Time to revisit parliamentary privilege to stopabuse by regional politicians, says Big Issues panellists

Written by Erasmus Williams:

Basseterre, St. Kitts, January 15, 2018 – Regional broadcasters say it is time to revisit parliamentary privilege amidst concerns that regional politicians use parliamentary privilege to say disparaging things about people.

Clive Bacchus,the executive director of WINN FM in St Kitts, said parliamentary immunity wasfirst established to encourage open discussions to conduct effectiveinvestigations, however, he stated that parliamentarians of the region havestrayed away from the intended purpose.

“Members ofparliament are breaching the privilege granted to them because the privilege isnot being used for uplifting debate, they are basically slandering, people, andwhy I say slandering is because they are not repeating them outside the wallsof parliament or the legislature,” Bacchus is quoted as saying by ObserverRadio in Antigua.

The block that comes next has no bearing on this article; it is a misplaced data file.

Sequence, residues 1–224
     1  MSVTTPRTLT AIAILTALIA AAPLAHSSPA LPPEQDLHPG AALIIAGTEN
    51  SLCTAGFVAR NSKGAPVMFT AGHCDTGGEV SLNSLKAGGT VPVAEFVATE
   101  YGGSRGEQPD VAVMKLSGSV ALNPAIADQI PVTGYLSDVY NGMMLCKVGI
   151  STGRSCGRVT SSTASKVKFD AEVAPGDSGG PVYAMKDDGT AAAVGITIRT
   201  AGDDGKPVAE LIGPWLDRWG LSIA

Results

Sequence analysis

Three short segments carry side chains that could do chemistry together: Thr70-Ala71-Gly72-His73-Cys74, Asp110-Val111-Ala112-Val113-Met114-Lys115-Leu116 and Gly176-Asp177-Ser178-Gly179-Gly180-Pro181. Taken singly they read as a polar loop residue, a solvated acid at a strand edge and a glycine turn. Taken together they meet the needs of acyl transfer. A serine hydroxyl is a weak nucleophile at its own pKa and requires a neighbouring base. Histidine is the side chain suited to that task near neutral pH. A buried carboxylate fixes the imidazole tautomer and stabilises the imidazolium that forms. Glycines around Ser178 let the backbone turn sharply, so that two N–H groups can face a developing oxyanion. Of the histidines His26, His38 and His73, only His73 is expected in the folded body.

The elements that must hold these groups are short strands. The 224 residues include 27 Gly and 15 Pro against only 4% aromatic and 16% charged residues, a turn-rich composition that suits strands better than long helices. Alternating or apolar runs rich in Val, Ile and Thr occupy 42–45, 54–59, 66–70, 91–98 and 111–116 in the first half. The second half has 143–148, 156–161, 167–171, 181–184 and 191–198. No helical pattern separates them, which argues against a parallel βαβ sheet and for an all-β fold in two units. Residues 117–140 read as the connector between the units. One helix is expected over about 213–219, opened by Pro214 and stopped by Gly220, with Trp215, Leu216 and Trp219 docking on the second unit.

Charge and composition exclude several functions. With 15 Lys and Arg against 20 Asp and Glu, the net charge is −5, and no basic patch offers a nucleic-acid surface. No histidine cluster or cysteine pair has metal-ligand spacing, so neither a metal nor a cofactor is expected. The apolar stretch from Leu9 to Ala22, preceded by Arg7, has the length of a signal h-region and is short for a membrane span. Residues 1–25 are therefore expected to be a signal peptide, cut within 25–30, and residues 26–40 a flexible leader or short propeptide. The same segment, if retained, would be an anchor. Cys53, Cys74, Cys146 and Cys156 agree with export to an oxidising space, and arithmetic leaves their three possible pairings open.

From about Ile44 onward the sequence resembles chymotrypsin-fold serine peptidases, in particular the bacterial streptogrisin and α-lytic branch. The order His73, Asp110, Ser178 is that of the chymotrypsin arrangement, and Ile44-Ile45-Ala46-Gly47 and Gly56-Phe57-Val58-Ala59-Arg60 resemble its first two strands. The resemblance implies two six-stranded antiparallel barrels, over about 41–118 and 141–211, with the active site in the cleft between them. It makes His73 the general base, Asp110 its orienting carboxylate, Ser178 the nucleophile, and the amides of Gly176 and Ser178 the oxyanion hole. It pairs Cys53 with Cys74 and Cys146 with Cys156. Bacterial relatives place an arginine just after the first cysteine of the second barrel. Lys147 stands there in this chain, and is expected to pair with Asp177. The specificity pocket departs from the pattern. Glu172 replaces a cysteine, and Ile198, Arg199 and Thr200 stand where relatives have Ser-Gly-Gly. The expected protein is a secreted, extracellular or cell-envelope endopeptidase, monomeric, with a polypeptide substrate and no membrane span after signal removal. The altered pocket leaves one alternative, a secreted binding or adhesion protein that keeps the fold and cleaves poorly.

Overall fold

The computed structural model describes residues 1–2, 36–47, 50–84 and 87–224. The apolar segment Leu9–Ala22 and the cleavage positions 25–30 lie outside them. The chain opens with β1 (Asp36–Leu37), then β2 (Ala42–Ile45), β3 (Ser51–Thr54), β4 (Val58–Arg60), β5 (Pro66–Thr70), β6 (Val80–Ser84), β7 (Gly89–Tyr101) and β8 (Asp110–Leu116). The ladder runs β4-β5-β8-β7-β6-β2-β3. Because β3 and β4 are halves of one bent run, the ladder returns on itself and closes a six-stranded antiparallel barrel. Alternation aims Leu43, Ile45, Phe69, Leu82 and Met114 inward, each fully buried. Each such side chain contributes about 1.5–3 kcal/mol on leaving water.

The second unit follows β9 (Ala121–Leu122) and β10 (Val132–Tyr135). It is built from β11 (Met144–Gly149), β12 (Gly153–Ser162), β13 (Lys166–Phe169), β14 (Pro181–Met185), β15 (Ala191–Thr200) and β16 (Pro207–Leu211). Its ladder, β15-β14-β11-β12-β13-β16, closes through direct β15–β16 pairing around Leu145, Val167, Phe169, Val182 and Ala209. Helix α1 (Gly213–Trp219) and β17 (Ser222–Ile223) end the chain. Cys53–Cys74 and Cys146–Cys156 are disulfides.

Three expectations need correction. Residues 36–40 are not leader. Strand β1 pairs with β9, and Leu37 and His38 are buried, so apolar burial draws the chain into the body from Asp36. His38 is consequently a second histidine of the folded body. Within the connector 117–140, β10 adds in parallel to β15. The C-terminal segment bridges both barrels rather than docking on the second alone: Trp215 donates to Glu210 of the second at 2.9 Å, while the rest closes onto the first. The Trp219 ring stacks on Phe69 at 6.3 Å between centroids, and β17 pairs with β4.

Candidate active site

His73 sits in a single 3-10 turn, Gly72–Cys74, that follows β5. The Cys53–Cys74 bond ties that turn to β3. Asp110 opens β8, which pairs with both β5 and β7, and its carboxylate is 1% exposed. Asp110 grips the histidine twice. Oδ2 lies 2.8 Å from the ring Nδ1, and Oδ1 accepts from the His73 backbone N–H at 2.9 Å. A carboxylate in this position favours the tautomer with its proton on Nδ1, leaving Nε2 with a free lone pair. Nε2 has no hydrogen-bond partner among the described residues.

A panellist on Sunday’sBig Issues programme on OBSERVER radio, Bacchus said it was time to revisit thesystem that speaks to parliamentary privilege, especially in instances whereparliamentarians have later admitted to misleading the public.

Gaston Browne,the prime minister, made statements about Wilmoth Daniel, the UnitedProgressive Party’s Member of Parliament for St. Phillip South, accusing him ofcertain fraudulent acts. He did so in parliament.

Browne followedup with similar statements on his radio station, though he argued his commentsthere were not directed at Daniel.

When faced withtwo lawsuits from Daniel from two different attorneys, Browne made whatappeared to be an apology.

Another BigIssues panellist, David Ellis, station manager at the Statcom Network of radiostations in Barbados, agreed it was time to hold parliamentarians responsiblefor their speech.

In admitting hedid not have the complete solution to this continuing practice, Ellis said thelaw should be amended.

“We have anumber of politicians to whom Caribbean people have been looking to for leadershipand we would have expected that given all the monies that have been invested ineducating people, that our politicians would set the example for the rest ofthe community, given the kind of responsibility that rests on their shoulders,”he said.

Ellis added that it was time to question how beneficial it is to Caribbean people to allow the continued abuse of parliamentary privilege.